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Tuesday, 25 June, 2002, 10:37 GMT 11:37 UK
Do motherhood and sporting excellence mix?
Denise Lewis' former coach Charles van Commenee reveals that he split with the British heptathlete because she became a mother.
Does motherhood stop female athletes from reaching the top?
Van Commenee believes parenthood will distract Lewis from focusing on her athletics career and stop her winning gold in future tournaments.
Her pregnancy, coupled with a succession of injuries, mean Lewis has not competed in a heptathlon since taking gold in the Sydney Olympics in 2000.
Several high-profile female athletes have juggled the demands of motherhood with a successful career, including Liz McColgan, Sonia O'Sullivan and Ingrid Kristiansen.
Can female athletes combine motherhood and top-level sporting success?
It has been well documented that motherhood brings about an increase in an athlete's performance. Ingrid Kristiansen, Liz McColgan and most recently Sonia O'Sullivan all ran arguably their best races very soon after giving birth.
Denise has won many gold medals, so maybe she is slightly less focused on athletics now that she is a mother, but the coach/athlete split may well be due to another (as yet unknown) reason.
It looks like Charlie is using this as an excuse to get out of being held responsible for future Lewis 'failures'. This way he gets out at the top and maintains his credibility.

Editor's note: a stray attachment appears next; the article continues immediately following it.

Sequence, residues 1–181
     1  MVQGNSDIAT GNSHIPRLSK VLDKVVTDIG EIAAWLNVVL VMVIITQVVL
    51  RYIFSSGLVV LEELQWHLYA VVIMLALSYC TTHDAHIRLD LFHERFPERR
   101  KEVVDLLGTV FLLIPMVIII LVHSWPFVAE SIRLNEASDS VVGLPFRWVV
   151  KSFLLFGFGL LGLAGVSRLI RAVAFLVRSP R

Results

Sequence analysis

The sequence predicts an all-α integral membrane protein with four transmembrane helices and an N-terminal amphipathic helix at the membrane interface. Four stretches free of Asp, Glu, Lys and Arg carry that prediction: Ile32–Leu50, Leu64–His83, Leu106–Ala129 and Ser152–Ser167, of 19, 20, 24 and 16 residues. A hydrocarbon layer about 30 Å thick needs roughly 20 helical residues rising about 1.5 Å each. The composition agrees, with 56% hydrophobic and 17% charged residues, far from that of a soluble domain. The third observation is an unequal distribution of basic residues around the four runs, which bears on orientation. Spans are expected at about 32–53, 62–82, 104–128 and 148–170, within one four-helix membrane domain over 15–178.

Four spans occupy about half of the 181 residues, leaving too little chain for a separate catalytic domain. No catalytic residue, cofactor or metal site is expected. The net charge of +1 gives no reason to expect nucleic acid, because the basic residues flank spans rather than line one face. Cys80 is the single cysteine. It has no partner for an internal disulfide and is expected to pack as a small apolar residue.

It seems that Denise's coach is jumping to conclusions. Why couldn't he give it a go and see how things went? As many have stated, many women come back after giving birth to be even better.
I also have to question the attitude of a man who refuses to coach an athlete if he doesn't think they'll win gold. Imagine if an athlete threatened to leave a coach if they didn't win a gold medal under his training!
Sport is about more than just winning a gold medal. Denise sounds like a tremendous competitor - I wish her and her baby all the best!
The split cannot just be because Lewis has had a baby. It must also be to do with her recent record of injury, and in all probability her attitude to her athletics career.
Denise should have a chat with Sonia O'Sullivan. She ran away with the 3000m at Sheffield on Saturday after having her second child. Denise's former coach should grow up and accept the fact that a baby has supplanted him as the most important person in her life. She'll keep winning without him.
It depends on the event. If the event involves endurance of pain, then surely giving birth would increase, not decrease, pain tolerance. It is noteworthy that some of the great marathon runs of all time have occurred soon after athletes have given birth.
Evonne Cawley managed to win Wimbledon after giving birth. But I do wonder about explosive events. Either the coach has moved on because he needs to earn a living or because he thinks Lewis can't be the best any more. I don't know the reason, but I don't think that the arguments presented hold up to scrutiny.
Van Commenee's comments are offensive and sexist in the extreme. Why should having a child affect the commitment of Denise or any other woman athlete to remain at the top of their sport? There is ample precedent to suggest that motherhood, far from detracting from a female athlete's performance, can actually enhance it.
It has even been suggested that that they come back physically and mentally stronger following pregnancy. I hope that Denise can quickly find another coach with more enlightened views!
I have a feeling that this reaction is more to do with his loss of control, rather than the fact that Denise Lewis was having a baby.It is a failing of many coaches that they feel that they should have 100% control over their charges' lives.
It is interesting that most of the most successful athletes (excluding drug cheats) do not have such a relationship with those who coach them.
25 Jun 02 | Athletics
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